In a mature VoIP market such as the United States, he said, VoIP services allow users to make and receive calls anywhere in the world with a single phone number. In addition, some service providers such as Vonage, offer secondary virtual numbers in multiple geographies that ring back to a subscriber's main Vonage line, wherever the subscriber is located.

Law also suggested offering IP services such as the use of 'e-numbers' (ENUM), that serve as a single point of contact for voice calls, voicemails, e-mail and faxes.

Just after the level '3' numbers were allocated, Singapore's Infocomm Development Authority (IDA) invited fixed-line, mobile and VoIP service providers to start testing e-number services.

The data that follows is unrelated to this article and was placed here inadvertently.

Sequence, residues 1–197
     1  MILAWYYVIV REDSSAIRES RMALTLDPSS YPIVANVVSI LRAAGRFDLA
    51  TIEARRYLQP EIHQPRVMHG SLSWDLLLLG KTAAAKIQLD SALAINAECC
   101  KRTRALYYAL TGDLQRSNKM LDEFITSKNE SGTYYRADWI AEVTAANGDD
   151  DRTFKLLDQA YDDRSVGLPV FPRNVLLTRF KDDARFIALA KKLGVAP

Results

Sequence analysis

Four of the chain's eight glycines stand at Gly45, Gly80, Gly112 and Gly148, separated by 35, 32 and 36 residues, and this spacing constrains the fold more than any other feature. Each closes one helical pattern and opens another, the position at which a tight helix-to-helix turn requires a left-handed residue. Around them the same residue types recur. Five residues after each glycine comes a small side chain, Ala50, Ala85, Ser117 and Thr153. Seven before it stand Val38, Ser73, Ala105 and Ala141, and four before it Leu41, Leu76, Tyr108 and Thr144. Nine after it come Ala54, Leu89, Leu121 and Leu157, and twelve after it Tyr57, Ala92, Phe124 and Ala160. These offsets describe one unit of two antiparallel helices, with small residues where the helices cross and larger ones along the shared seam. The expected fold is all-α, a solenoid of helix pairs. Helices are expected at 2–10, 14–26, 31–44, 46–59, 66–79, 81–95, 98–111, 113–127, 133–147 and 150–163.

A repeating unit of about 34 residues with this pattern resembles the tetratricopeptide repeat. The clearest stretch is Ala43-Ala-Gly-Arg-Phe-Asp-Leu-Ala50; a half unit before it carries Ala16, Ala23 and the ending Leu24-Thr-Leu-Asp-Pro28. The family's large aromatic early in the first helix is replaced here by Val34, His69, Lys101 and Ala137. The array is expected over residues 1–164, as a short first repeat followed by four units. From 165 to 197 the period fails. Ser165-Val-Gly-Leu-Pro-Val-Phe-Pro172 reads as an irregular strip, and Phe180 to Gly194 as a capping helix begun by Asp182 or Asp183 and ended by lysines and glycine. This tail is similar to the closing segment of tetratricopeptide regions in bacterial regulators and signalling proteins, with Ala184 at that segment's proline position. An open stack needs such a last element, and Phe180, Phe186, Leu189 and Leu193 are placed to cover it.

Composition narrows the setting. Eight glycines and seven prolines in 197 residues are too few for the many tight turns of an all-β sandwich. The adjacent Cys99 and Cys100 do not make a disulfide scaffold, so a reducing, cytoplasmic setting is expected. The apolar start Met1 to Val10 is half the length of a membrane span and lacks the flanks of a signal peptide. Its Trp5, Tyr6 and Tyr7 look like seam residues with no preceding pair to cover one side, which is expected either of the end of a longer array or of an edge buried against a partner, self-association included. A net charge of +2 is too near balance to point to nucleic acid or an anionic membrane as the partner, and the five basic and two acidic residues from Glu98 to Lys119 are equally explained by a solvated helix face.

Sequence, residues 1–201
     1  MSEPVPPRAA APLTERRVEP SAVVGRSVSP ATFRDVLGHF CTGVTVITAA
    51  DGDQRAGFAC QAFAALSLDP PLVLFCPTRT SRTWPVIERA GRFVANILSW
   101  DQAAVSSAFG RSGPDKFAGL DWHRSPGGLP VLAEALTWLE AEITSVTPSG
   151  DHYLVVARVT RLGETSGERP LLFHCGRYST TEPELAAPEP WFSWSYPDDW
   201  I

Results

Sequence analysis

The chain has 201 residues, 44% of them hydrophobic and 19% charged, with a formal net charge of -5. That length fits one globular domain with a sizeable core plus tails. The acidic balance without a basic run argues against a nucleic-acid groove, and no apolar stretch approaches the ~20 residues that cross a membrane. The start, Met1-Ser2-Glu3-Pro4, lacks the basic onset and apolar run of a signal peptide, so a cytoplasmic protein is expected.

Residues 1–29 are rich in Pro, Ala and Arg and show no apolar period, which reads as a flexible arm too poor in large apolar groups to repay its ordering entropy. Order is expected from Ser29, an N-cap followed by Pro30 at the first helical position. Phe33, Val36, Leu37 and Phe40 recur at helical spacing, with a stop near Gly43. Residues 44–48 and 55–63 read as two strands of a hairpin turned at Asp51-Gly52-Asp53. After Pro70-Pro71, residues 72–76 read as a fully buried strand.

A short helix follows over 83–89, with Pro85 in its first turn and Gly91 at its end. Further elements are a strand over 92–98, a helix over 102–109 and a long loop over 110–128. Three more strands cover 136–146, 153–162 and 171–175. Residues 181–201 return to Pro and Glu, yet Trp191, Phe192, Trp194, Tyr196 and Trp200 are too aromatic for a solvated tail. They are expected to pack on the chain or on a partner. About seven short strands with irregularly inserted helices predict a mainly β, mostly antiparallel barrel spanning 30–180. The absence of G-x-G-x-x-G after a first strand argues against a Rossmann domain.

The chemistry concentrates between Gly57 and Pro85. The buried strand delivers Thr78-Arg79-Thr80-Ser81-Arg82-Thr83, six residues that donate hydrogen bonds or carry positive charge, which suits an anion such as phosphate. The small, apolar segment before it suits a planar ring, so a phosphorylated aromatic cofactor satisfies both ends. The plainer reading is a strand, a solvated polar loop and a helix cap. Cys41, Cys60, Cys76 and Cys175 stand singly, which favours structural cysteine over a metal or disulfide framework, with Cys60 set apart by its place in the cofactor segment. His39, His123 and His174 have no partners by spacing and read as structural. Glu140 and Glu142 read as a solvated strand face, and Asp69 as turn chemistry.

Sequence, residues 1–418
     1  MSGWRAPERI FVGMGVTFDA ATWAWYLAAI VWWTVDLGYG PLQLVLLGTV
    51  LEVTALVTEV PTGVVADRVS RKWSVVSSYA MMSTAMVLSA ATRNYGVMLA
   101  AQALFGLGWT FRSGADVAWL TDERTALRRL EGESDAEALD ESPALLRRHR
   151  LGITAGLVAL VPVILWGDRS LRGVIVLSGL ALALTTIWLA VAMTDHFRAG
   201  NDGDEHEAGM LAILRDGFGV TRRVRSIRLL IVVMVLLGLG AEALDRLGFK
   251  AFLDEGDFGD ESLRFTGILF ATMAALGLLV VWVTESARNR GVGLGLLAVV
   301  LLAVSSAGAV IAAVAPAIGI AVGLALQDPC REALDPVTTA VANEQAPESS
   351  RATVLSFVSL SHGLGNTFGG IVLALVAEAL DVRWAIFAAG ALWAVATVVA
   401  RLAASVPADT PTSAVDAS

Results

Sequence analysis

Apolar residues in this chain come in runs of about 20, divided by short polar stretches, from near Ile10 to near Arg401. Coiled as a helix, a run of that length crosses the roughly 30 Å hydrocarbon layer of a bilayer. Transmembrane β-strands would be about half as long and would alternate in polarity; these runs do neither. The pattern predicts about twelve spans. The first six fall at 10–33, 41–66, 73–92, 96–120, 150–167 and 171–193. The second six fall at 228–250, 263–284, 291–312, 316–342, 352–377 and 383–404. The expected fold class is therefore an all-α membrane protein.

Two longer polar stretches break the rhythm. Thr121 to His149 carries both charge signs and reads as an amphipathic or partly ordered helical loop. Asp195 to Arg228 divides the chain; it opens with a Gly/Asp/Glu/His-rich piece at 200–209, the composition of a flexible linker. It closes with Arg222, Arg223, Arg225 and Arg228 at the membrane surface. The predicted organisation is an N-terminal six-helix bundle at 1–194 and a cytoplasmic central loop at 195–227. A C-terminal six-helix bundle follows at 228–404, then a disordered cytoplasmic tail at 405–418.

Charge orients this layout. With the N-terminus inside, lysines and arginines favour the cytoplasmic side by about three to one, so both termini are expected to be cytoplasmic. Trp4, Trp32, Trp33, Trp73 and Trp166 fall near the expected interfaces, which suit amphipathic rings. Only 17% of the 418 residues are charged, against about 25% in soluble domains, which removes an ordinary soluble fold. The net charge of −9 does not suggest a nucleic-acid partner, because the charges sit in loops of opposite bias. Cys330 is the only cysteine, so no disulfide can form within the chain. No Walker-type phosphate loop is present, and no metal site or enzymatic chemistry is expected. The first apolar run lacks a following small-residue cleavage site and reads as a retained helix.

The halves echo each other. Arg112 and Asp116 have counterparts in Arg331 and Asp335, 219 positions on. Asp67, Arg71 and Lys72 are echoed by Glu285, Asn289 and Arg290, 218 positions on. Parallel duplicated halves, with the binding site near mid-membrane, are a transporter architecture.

IDA said in September that its has appointed its subsidiary, the Singapore Network Information Centre (SGNIC), to conduct an ENUM pilot trial. SGNIC administers Internet domain names in Singapore.

According to the authority, the pilot will last for six months, after which SGNIC will assess if the trial needs to be extended or decide if ENUM will be launched in Singapore.

Another strategy that could work out for VoIP players is product bundling, suggested Ovum senior analyst Mark Main. "The appeal of VoIP is obvious and the example of Yahoo Broadband in Japan shows how compelling it can be when combined in a broadband package," he said.

The majority of Yahoo Broadband’s 2.5 million broadband customers have also subscribed to its Internet telephony service, Main said. "They are now benefiting from free unlimited calls to other Yahoo Broadband customers and cheap long-distance calls to other destinations both in Japan, and internationally," he added.